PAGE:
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Med Eng Phys. 2011 Jun;33(5):610-9. doi: 10.1016/j.medengphy.2010.12.017. Epub 2011 Jan 15.

Measurement of the force-displacement response of in vivo human skin under a rich set of deformations.

Author information

1
Auckland Bioengineering Institute, University of Auckland, New Zealand. flynn.cormac@gmail.com

Abstract

The non-linear, anisotropic, and viscoelastic properties of human skin vary according to location on the body, age, and individual. The measurement of skin's mechanical properties is important in several fields including medicine, cosmetics, and forensics. In this study, a novel force-sensitive micro-robot applied a rich set of three-dimensional deformations to the skin surface of different areas of the arms of 20 volunteers. The force-displacement response of each area in different directions was measured. All tested areas exhibited a non-linear, viscoelastic, and anisotropic force-displacement response. There was a wide quantitative variation in the stiffness of the response. For the right anterior forearm, the ratio of the maximum probe reaction force to maximum probe displacement ranged from 0.44 N mm(-1) to 1.45 N mm(-1). All volunteers exhibited similar qualitative anisotropic characteristics. For the anterior right forearm, the stiffest force-displacement response was when the probe displaced along the longitudinal axis of the forearm. The response of the anterior left forearm was stiffest in a direction 20° to the longitudinal axis of the forearm. The posterior upper arm was stiffest in a direction 90° to the longitudinal axis of the arm. The averaged posterior upper arm response was less stiff than the averaged anterior forearm response. The maximum probe force at 1.3mm probe displacement was 0.69N for the posterior upper arm and 1.1N for the right anterior forearm. The average energy loss during the loading-unloading cycle ranged from 11.9% to 34.2%. This data will be very useful for studying the non-linear, anisotropic, and viscoelastic behaviour of skin and also for generating material parameters for appropriate constitutive models.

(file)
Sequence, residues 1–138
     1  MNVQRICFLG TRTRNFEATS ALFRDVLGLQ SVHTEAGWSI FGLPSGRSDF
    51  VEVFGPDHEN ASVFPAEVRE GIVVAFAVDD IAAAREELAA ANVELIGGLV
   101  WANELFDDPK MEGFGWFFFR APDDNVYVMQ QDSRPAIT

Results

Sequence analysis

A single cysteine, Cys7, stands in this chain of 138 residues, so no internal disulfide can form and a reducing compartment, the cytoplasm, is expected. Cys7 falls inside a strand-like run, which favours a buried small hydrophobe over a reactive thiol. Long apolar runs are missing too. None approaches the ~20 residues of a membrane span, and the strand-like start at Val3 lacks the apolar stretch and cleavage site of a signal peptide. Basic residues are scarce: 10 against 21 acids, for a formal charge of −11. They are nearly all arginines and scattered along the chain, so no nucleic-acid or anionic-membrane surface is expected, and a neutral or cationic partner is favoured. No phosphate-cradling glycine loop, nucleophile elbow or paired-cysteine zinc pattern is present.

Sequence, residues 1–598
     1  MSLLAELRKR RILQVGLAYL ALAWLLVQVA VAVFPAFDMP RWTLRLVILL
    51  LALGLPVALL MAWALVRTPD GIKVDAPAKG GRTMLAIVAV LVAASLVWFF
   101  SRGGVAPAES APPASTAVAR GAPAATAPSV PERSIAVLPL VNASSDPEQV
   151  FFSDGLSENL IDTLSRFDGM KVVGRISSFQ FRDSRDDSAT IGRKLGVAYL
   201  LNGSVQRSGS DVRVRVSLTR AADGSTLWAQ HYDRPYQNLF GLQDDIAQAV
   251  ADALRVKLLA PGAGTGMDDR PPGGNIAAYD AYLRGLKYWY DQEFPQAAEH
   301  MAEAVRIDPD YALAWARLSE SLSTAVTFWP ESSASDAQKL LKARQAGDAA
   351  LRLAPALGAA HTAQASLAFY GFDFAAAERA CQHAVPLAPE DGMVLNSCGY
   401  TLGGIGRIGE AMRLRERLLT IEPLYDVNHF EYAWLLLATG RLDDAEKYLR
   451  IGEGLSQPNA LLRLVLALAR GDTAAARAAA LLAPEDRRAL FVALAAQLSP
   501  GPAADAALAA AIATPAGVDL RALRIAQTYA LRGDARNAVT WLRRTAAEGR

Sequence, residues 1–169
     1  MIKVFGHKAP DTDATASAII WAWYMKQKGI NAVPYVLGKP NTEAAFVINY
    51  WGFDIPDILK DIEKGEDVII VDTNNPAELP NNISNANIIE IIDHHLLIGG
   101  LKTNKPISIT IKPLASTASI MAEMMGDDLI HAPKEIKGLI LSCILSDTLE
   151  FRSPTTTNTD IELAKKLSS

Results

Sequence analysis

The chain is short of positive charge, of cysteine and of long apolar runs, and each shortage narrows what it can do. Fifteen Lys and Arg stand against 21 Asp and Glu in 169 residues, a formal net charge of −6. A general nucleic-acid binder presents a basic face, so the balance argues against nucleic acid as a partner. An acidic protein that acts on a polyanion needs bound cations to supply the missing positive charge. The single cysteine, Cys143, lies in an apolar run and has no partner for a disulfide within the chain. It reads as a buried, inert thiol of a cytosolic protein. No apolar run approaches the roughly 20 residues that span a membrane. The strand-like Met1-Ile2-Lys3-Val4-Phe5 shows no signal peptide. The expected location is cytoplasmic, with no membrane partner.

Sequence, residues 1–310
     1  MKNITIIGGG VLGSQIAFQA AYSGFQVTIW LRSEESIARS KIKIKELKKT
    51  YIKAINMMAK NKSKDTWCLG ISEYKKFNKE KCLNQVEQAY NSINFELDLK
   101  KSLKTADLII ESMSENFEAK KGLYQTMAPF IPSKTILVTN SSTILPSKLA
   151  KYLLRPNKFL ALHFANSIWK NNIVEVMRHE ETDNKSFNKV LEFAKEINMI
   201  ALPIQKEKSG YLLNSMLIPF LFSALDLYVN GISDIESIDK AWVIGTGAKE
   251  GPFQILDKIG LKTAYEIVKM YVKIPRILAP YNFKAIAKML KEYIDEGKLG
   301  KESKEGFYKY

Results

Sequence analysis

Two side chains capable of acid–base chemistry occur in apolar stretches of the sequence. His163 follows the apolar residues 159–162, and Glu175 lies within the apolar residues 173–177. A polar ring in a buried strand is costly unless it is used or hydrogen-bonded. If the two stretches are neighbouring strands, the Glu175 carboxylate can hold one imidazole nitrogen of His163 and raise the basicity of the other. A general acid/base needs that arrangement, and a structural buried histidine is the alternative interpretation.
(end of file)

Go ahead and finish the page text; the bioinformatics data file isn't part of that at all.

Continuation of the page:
PMID:
21242096
DOI:
10.1016/j.medengphy.2010.12.017
[Indexed for MEDLINE]

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